Suing actual infringers is passe in copyright law. In the digital environment, the real stakes lie in suing those who facilitate infringement by others. There is of course a good reason copyright owners are filing such suits. They see themselves as under threat from a flood of cheap, easy copies and a dramatic increase in the number of people who can make those copies. The high volume of illegal uses, and the low return to suing any individual, make it more cost-effective to aim as far up the chain as possible. From the perspective of the movie industry, it's easier and more effective to shut down Napster than to sue the millions of people who traded files illegally on Napster. So far, the courts have been willing to go along, shutting down a number of innovative services in the digital music realm.
In this article, we argue that unrestricted liability for anyone who is in any way involved with copyright infringement is a bad idea. Indirect liability is a continuum, in which acts most closely related to infringement and with the fewest affirmative benefits are the easiest to condemn. Going after makers of technology for the uses to which their technologies may be put threatens to stifle innovation. The fundamental difficulty is that while courts can make decisions about direct infringement on a case-by-case basis, lawsuits based on indirect liability necessarily sweep together both socially beneficial and socially harmful uses of a program or service, either permitting both uses or condemning both.
Optimal digital copyright policy would do two things: stop deterring innovators, and permit cost-effective enforcement of copyright in the digital environment. In this paper, we suggest at least two possible alternatives that might provide ways out of the digital copyright morass. Both alternatives stem from the basic economics of copyright enforcement. It is not currently cost-effective for copyright owners to sue individual infringers, because there are tens of millions of them, because lawsuits are expensive, and because each infringer would be liable only for minimal damages. They are happy to sue facilitators instead, because there are fewer of them and both damages and the benefits of injunctive relief are substantial. Copyright owners have no incentive to permit optimal innovation by facilitators, because they do not benefit from that innovation except indirectly. Individual infringers in turn have no incentive to change their behavior or to subscribe to fee-based services, because they suffer none of the costs of infringement.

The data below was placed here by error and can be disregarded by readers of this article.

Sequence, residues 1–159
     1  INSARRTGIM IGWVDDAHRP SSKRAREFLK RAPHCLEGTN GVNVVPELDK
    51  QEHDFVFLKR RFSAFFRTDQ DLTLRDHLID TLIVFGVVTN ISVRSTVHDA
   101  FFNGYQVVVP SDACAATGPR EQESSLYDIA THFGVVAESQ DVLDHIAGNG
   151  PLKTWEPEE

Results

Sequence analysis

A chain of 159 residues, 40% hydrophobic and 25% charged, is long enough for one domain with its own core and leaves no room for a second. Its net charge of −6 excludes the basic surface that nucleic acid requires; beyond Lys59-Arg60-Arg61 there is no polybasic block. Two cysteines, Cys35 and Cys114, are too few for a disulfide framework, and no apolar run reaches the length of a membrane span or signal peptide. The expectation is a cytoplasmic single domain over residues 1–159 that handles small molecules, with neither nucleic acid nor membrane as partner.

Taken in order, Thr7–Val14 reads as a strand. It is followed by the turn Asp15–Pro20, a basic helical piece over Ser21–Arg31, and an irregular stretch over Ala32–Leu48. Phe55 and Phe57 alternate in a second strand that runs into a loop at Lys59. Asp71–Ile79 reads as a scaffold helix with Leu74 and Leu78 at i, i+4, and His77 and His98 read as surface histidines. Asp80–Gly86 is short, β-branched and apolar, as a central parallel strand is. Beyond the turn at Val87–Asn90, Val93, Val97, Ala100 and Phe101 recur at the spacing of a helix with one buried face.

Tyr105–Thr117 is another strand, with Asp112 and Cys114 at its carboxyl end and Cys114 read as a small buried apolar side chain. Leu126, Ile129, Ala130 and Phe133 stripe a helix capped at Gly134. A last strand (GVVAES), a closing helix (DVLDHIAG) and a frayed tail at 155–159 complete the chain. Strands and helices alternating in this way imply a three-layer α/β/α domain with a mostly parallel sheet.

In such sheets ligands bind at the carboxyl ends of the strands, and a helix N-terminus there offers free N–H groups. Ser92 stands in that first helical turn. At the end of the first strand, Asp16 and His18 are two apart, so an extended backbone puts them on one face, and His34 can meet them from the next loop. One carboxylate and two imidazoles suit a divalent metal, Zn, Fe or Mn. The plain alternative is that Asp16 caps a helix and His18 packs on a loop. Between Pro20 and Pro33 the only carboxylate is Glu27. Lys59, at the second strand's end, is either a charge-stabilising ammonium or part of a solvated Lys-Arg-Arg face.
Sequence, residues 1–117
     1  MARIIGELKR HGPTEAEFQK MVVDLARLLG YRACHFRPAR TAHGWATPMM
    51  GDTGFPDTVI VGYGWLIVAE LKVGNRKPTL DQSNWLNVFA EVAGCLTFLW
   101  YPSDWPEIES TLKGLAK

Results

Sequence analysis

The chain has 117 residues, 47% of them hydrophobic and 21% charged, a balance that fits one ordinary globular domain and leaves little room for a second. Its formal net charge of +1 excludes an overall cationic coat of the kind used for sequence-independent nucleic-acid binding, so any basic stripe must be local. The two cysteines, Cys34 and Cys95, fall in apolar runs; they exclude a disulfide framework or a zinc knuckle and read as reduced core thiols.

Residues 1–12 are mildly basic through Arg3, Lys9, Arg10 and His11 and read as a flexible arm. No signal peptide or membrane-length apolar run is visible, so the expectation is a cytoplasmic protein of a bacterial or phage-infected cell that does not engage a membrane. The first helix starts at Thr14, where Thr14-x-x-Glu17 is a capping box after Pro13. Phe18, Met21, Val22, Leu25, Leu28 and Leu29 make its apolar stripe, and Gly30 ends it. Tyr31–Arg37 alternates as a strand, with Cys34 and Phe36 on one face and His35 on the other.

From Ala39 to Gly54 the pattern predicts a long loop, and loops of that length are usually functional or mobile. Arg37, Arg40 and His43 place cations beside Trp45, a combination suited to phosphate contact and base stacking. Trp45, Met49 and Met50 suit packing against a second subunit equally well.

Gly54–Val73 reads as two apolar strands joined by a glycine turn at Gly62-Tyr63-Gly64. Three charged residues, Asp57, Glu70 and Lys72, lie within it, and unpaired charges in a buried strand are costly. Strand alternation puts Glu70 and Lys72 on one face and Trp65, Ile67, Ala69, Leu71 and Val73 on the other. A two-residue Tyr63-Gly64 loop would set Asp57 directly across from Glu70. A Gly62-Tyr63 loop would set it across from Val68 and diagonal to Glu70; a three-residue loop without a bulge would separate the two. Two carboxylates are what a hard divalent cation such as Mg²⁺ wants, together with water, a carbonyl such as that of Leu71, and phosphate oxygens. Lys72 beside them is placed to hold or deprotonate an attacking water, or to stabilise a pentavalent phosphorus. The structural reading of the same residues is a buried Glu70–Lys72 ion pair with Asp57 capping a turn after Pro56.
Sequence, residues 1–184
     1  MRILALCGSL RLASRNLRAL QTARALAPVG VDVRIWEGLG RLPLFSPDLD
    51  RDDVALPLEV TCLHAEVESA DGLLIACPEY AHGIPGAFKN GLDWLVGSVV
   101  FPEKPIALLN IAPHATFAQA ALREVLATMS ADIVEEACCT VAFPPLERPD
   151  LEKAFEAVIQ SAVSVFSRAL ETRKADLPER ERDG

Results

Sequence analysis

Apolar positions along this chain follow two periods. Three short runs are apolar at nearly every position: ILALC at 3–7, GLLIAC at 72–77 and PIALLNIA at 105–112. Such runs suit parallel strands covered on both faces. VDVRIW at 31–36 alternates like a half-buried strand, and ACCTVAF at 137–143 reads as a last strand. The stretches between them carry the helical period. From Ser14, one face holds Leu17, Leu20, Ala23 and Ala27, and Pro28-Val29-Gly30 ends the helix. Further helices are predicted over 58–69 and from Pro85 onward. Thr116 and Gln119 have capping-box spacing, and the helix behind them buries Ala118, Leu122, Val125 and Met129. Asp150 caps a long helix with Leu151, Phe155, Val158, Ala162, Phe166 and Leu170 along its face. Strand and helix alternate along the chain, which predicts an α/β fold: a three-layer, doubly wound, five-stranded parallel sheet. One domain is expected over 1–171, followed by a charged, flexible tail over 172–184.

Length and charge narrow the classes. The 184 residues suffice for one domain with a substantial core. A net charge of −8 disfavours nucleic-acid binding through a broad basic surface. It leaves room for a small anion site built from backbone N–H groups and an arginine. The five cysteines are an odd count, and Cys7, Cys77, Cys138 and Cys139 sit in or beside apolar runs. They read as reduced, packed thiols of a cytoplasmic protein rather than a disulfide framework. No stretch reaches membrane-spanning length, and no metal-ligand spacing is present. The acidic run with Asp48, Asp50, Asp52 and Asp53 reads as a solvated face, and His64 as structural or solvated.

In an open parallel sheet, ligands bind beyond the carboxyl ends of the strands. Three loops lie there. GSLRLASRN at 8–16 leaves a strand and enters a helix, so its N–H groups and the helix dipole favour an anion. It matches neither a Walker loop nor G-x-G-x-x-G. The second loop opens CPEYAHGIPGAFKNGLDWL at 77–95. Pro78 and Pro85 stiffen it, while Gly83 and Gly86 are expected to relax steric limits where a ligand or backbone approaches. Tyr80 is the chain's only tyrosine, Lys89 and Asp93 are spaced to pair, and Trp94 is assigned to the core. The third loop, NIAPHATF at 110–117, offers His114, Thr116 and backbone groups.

One solution is to change the incentives of individuals. Because individual users of peer-to-peer (p2p) networks know that it is extremely unlikely they will be sued, economic theory suggests that the only way to effectively deter infringement is to increase the effective sanction substantially for those who are caught. Were the government to begin criminally prosecuting selected users of peer-to-peer services – or were the RIAA to sue end users in earnest – it could have a substantial deterrent effect on many illegal users. Selective prosecution has other advantages as well – the government could target the relatively few keystone providers of illegal files on p2p sites, and those are precisely the users who are least likely to be engaged in fair use. While particular prosecutions won't stop illegal file trading altogether, copyright owners have never been able to prevent all piracy. All they need to do is reduce piracy enough that they can make a return on their investment.
Another solution is to change the incentives of copyright owners to sue individual infringers by reducing the cost of such a suit. One such approach would be a levy system. Levies on equipment or services have the virtue of permitting automatic collection of royalties, reducing the enforcement cost dramatically, but at the cost of taxing legal as well as illegal uses. A levy solves the en